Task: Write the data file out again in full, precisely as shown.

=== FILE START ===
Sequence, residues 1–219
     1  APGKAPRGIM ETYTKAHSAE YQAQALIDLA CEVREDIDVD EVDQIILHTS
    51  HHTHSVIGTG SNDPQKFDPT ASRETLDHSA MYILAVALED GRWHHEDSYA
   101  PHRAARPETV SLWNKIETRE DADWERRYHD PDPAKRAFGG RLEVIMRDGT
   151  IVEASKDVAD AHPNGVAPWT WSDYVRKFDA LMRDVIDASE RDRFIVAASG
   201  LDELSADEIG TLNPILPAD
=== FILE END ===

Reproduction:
Sequence, residues 1–219
     1  APGKAPRGIM ETYTKAHSAE YQAQALIDLA CEVREDIDVD EVDQIILHTS
    51  HHTHSVIGTG SNDPQKFDPT ASRETLDHSA MYILAVALED GRWHHEDSYA
   101  PHRAARPETV SLWNKIETRE DADWERRYHD PDPAKRAFGG RLEVIMRDGT
   151  IVEASKDVAD AHPNGVAPWT WSDYVRKFDA LMRDVIDASE RDRFIVAASG
   201  LDELSADEIG TLNPILPAD